Economic zone facing Taiwan proposed
A new economic zone on the west coast of the Taiwan Straits would not only be economically significant, but would also have political implications for the full reunification of the motherland, China's top advisers said.
But, they added, the zone's progress will to some extent hinge on the state of cross-Straits relations.
The idea of building the zone, which would mainly cover East China's Fujian Province and the neighbouring Zhejiang and Guangdong provinces, was broached several years ago and is gathering steam, advisers said.
"The central government should give its support to this project," said Taiwan-born CPPCC member Chen Zhengtong, who is attending the annual session of the 10th National Committee of the Chinese People's Political Consultative Conference (CPPCC).
"The proposed economic zone would help Fujian catch up with Taiwan in its economic development," Chen said, citing the current yawning economic disparity between Fujian and Taiwan to make his case.
Statistics indicate that Fujian's gross domestic product last year was US$72.6 billion, about one-fifth of Taiwan's.
Fujian has already put the building of the economic zone high on its agenda.
It aims to turn it into one of China's major regional economic blocks such as the Pan-Pearl River Delta and the Yangtze River Delta economic areas.
The economic zone would "promote the better use of resources of the economic belt in East China and enhance its overall economic strength," Wang Xiaojing, the then executive vice-governor of Fujian said last year.
The construction of such an economic zone is significant because of its vicinity to Taiwan, which is opposite the province.
It is expected to boost economic integration between Taiwan and the mainland, advisers said.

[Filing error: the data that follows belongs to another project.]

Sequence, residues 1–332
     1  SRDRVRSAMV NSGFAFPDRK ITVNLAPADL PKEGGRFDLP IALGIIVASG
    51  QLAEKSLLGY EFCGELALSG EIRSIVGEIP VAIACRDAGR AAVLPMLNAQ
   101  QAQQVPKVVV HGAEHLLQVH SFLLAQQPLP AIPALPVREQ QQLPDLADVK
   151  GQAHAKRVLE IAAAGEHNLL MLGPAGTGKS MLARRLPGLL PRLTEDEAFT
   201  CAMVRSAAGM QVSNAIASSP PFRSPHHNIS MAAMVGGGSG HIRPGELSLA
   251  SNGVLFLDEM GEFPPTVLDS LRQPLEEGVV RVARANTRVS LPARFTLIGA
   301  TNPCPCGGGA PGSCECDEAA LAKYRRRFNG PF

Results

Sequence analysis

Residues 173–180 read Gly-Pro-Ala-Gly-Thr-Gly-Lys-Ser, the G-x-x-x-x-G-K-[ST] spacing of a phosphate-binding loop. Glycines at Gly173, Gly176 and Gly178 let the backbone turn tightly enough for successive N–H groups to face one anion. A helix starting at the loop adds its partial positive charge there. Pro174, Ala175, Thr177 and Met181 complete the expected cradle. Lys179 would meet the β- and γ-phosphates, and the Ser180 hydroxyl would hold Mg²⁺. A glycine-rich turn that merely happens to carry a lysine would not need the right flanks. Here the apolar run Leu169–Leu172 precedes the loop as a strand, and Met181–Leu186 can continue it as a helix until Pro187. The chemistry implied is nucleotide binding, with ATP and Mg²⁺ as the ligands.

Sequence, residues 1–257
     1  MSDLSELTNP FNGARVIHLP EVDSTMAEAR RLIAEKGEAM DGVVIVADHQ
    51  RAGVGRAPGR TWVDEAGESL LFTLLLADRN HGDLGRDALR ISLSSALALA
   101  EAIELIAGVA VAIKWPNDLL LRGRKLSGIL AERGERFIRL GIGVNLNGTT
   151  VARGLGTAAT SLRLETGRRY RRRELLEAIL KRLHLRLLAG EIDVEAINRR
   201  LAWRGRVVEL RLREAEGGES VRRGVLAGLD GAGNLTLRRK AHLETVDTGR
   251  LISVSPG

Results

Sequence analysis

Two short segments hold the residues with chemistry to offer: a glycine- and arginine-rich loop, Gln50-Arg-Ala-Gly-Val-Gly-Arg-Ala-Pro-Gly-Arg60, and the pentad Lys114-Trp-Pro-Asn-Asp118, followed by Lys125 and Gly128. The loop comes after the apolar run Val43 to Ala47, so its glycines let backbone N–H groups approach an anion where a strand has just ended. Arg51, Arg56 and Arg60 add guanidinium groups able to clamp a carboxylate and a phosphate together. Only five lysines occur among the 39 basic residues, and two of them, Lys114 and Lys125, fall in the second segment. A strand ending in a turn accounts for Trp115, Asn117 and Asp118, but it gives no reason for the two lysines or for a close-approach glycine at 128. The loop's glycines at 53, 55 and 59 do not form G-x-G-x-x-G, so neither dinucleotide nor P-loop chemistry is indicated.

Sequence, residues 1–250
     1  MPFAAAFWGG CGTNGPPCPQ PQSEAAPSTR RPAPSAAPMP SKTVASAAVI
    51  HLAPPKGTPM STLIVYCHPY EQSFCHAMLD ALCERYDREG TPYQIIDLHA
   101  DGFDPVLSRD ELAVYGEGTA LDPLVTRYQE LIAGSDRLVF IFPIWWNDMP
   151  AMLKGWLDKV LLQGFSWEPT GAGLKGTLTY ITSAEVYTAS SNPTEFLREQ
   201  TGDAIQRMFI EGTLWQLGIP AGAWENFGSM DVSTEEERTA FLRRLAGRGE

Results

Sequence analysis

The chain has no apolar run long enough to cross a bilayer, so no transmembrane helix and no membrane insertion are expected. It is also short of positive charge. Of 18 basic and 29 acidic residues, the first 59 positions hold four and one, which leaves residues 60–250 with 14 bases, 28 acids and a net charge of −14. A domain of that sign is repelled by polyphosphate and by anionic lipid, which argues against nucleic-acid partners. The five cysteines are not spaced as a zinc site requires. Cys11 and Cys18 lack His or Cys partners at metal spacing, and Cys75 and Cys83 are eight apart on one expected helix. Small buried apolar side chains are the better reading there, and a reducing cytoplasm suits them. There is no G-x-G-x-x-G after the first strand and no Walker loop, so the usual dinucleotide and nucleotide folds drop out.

"Both sides of the proposed economic zone would benefit enormously from the proposed economic zone," said Justin Yifu Lin, also a Taiwan-born CPPCC member.
"The west coast of the Straits will serve as a vast market for Taiwan enterprises, thus benefiting the two sides," said Lin, also the director of Peking University's China Centre for Economic Research.
Building such an economic zone, however, is hampered by the lack of direct links between Taiwan and the mainland.
"Political issues are clearly standing in the way of economic development," said Lin, the economist, lamenting the lack of direct transport, postal services and trade between the island and the mainland.
"Such an economic zone, if leading to closer economic ties with Taiwan, would serve as a base for suppressing Taiwan 'independence,'" said a CPPCC member who refused to be identified, adding that the authorities in Taiwan might use this as an excuse to delay restoring the three direct links.
Although separated by the narrow Taiwan Straits, people living in Fujian and Taiwan enjoy identical languages and local cultures.
"The ancestors of 80 per cent of today's Taiwan residents originated from Fujian Province," Chen noted. He said the construction of the new economic zone would push forward exchanges between the two sides, which would be conducive to the peaceful reunification of the motherland.